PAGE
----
On a boiling day in July, a group of people were staring at a field of wheat in the Norfolk countryside trying to detect subtle differences in height, health and colour. Why, you may ask? Well, a group of us were from the Department for Environment, Food and Rural Affairs (Defra) and visited to hear about the work of the John Innes Centre. The centre works closely with commercial plant breeders to help develop varieties with desirable traits. The differences between one type of wheat and another might mean better disease resistance, adaption to low rainfall conditions or a more stable yield across a range of growing conditions.
The main reason for our visit was to find out about the work that the centre does through Genetic Improvement Networks (GIN). Defra has funded four projects aimed at producing pre-breeding information and material for the genetic improvement of: oilseed rape (OREGIN), wheat (WGIN) and pulse crops (PCGIN), and leafy veg, carrots and onions (VeGIN).
The projects have brought together, in an unprecedented way, people linked by a common interest in improving the main UK crops. Through the GINs, researchers, breeders and farmers have exchanged expertise, data, analyses and ideas. We heard how the networks have fostered new lines of research which have been funded by Defra’s former LINK programmes, the Sustainable Agriculture and Food Innovation Platform, BBSRC Crop Clubs, Innovate UK and the Agri-tech Strategy.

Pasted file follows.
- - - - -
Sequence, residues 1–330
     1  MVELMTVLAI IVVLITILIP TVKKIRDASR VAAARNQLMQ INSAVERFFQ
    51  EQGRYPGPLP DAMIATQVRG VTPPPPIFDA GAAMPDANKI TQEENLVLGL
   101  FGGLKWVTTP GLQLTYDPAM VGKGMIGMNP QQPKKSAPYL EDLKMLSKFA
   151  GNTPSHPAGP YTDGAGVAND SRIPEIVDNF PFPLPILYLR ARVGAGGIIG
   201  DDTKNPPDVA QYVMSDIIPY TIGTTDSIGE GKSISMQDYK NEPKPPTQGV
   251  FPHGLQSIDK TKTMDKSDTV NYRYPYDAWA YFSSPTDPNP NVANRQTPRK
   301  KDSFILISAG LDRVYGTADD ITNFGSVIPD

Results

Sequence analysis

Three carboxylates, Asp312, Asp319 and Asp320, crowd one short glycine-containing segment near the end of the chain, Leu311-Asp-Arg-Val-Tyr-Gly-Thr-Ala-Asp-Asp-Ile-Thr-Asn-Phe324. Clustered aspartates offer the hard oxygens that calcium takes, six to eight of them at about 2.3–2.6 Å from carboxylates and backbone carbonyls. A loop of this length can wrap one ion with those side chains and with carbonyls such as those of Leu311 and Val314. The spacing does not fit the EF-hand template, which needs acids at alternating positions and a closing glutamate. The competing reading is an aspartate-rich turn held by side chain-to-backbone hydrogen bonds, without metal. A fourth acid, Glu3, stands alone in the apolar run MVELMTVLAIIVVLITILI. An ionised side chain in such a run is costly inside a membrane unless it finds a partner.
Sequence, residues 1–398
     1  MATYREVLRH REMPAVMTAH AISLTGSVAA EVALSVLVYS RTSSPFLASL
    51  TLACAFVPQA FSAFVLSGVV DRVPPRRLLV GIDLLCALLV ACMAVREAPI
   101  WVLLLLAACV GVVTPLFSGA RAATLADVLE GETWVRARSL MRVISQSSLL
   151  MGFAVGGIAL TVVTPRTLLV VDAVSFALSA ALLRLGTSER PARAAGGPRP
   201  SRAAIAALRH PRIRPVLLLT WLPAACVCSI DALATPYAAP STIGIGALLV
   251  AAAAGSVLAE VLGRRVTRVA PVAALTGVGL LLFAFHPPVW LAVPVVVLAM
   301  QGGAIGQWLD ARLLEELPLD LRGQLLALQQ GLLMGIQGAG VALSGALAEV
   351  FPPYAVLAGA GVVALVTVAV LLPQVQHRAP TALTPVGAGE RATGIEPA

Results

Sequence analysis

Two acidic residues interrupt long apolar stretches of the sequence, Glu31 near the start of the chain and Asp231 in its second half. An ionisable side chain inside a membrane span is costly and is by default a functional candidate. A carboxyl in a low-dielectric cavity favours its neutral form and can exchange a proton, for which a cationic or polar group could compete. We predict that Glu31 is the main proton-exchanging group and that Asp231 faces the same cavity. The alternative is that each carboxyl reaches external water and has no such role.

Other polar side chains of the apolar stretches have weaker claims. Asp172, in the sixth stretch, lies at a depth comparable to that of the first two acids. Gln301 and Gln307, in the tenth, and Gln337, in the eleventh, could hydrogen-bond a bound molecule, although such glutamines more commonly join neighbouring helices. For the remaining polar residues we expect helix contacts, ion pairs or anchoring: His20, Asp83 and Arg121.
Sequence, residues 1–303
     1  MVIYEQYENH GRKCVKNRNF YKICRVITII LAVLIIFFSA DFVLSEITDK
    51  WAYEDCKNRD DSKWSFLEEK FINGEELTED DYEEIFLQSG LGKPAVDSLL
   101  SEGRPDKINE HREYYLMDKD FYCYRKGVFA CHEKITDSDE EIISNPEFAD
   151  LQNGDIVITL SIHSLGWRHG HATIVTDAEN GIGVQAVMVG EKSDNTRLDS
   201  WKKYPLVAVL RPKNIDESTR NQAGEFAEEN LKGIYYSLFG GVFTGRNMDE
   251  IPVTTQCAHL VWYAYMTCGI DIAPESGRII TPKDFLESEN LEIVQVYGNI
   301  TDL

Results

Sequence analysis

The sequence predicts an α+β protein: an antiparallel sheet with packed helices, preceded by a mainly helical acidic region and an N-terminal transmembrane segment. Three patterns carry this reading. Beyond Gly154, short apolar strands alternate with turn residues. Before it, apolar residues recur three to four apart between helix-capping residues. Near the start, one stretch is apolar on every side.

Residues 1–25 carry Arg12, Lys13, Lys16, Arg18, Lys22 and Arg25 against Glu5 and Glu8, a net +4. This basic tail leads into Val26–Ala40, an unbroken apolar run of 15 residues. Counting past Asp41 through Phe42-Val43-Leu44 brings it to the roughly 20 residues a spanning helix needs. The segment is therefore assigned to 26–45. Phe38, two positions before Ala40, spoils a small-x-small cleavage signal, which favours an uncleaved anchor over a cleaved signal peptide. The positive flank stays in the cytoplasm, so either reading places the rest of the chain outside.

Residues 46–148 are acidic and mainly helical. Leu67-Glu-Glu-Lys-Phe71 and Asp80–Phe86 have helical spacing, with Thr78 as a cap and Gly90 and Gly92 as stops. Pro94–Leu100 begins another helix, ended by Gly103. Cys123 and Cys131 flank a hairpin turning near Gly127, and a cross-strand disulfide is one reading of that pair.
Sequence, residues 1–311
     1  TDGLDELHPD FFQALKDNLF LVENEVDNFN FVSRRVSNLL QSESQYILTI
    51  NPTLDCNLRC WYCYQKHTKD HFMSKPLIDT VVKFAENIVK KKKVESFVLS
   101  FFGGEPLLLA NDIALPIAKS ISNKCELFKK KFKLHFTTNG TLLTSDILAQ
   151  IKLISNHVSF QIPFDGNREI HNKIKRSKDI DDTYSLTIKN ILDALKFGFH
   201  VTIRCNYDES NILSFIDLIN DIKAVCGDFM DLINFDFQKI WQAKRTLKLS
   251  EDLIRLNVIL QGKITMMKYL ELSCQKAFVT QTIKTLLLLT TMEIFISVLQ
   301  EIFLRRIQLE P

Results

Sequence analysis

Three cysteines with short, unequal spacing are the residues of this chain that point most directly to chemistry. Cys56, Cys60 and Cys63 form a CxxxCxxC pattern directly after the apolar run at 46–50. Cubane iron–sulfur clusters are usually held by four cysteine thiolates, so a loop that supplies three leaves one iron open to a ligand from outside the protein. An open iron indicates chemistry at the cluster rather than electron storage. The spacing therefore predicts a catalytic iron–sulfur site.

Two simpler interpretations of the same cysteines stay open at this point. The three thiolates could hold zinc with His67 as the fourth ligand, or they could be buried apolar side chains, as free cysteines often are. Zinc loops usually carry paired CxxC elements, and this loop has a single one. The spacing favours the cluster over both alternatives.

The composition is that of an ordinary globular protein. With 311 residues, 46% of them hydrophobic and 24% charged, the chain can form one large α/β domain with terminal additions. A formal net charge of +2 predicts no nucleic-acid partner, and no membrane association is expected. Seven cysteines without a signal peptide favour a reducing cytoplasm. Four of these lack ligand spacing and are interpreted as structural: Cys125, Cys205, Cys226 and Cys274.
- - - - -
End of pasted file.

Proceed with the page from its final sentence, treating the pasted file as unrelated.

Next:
Outputs from the research funded include mapping populations and identifying new traits, genome sequencing, use of bioinformatics to provide a deeper understanding of the crops' complex genomes and marker-assisted selection of promising genetic material, which can be used by all plant breeders.
The networks also provide training for the next generation of scientists in an environment which combines industry and academia, which is vital to maintain/build capacity and to keep the applied research innovation pipeline flowing.
Probably the most striking display we saw during our visit was a visual representation of the genetic diversity within peas. Just before we left we visited the cool store where the centre banks many of the seeds it holds. The temperature was about 25oC lower than outside.
The visit demonstrated the breadth of government support for innovation in agriculture. Alongside the Agri-tech Strategy and others, the GINs are fundamental to innovation because they speed up and focus plant breeding. This is then taken forward by commercial breeders and sometimes will foster applications for agri-tech funding.